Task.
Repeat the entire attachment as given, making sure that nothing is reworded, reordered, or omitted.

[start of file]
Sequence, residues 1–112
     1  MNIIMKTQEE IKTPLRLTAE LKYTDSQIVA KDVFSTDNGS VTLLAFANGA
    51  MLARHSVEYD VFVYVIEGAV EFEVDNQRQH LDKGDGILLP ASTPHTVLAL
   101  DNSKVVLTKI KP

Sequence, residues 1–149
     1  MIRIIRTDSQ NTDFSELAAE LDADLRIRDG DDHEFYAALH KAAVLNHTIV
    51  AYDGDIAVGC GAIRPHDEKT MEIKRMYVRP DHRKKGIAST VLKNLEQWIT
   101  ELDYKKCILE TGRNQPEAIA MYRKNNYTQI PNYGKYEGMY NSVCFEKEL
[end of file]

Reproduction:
Sequence, residues 1–112
     1  MNIIMKTQEE IKTPLRLTAE LKYTDSQIVA KDVFSTDNGS VTLLAFANGA
    51  MLARHSVEYD VFVYVIEGAV EFEVDNQRQH LDKGDGILLP ASTPHTVLAL
   101  DNSKVVLTKI KP

Sequence, residues 1–149
     1  MIRIIRTDSQ NTDFSELAAE LDADLRIRDG DDHEFYAALH KAAVLNHTIV
    51  AYDGDIAVGC GAIRPHDEKT MEIKRMYVRP DHRKKGIAST VLKNLEQWIT
   101  ELDYKKCILE TGRNQPEAIA MYRKNNYTQI PNYGKYEGMY NSVCFEKEL